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What should I be concerned about if I have a breast abnormality?

If you have a breast abnormality, such as an identifiable mass or an abnormal mammogram, your concern should be: Is this a cancer? The question usually comes to mind because the question's been raised by another professional.

If you have an identifiable lesion that is highly suspicious for cancer, it may be very easy to prove that that's a cancer. It may not take that much tissue. If the lesion is easily palpable, the doctor may be able to do a needle biopsy right then and there and send it to the lab and, in short order, you've got a diagnosis.

If you have a probable benign lesion that can be felt, a needle biopsy may demonstrate benign tissue, but you may not be content with that. You may be concerned that it is cancer, and need someone to prove to you that you don't have cancer. Maybe you have a family history of carcinoma and are sensitized to the subject. You may still lose sleep over that diagnosis and you may want the doctor to be very persistent with that lesion. You may want him or her to increase your confidence level, to be diligent and prove to you that this is benign through and through.

Dr. Amanda J. Morehouse, MD
Critical Care Surgeon

You should be concerned about any breast abnormality that feels different to you. Most of the time somebody, either a woman or the doctor, feels something on an exam. Most of those turn out to be safe, but you feel much better to be safe than ignore something that isn’t safe. Anything that feels different to you, that just isn’t the way you remember it, should get checked out because bad things really can feel like anything. Most breast abnormalities detected by imaging turn out to be perfectly safe and benign, but they always command attention. It’s much better to worry about something that turns out to be perfectly healthy than ignore something that isn’t.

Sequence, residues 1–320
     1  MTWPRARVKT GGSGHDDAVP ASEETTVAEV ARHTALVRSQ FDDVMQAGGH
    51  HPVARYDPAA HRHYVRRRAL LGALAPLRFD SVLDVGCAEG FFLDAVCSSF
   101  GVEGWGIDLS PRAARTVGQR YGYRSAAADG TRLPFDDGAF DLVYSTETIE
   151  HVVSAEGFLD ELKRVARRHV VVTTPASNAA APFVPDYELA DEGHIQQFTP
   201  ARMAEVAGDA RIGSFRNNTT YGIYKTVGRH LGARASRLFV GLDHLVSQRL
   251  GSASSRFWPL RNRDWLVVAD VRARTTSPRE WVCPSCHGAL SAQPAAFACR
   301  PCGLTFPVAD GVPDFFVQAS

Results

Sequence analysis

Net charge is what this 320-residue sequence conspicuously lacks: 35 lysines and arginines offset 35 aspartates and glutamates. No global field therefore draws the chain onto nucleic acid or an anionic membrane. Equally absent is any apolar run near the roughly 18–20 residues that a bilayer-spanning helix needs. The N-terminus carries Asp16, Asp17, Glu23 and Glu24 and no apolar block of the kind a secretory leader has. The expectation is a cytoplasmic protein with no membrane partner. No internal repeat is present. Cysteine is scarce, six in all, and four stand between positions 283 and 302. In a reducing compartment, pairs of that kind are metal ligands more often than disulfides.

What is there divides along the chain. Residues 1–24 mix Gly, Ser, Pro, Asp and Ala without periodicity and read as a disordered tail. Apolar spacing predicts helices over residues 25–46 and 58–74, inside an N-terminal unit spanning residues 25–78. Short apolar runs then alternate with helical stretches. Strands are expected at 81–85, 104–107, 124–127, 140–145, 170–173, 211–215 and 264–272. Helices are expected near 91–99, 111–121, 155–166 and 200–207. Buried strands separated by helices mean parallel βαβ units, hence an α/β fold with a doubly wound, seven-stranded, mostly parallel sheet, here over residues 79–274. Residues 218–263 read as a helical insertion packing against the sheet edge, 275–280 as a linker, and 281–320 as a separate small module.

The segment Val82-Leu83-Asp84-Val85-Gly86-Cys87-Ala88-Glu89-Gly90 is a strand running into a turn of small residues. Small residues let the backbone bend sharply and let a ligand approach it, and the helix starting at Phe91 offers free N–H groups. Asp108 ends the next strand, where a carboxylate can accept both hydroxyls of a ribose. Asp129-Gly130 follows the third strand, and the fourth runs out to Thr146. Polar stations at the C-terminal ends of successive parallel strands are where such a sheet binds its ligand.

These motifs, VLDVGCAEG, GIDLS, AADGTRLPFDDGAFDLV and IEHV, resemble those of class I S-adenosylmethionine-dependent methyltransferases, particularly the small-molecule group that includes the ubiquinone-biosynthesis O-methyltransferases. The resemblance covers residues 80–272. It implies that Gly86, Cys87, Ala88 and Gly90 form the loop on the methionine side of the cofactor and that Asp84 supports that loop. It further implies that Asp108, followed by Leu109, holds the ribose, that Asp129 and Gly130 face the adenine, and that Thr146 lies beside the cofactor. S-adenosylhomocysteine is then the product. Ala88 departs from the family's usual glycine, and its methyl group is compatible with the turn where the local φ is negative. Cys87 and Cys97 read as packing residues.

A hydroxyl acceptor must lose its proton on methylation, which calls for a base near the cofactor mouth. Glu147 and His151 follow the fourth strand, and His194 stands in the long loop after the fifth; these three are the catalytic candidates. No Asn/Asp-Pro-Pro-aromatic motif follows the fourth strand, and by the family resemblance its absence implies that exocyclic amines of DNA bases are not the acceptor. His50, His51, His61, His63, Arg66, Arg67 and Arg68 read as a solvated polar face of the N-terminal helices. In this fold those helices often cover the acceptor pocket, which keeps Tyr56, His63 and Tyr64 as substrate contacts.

If you have a breast abnormality it is reasonable to be concerned about cancer. Signs and symptoms of cancer include the following:

  • swelling of all or part of the breast
  • skin irritation or dimpling
  • nipple turning inward
  • nipple discharge (other than breast milk while breastfeeding)
  • change of the skin on either the nipple or breast tissue
  • swelling of a lymph node in the armpit region
  • a lump or mass

Some of these symptoms can indicate a benign process, but if you have one or more of these signs you should be checked by your doctor.

Dr. Deanna J. Attai, MD
Surgeon

It is important to realize that most breast abnormalities are not breast cancer. However, any change in your breast should be reported to your healthcare provider. New lumps, discharge from the nipple, dimpling or retraction of the skin or nipple, redness that does not go away or pain that does not go away should be evaluated.

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Important: This content reflects information from various individuals and organizations and may offer alternative or opposing points of view. It should not be used for medical advice, diagnosis or treatment. As always, you should consult with your healthcare provider about your specific health needs.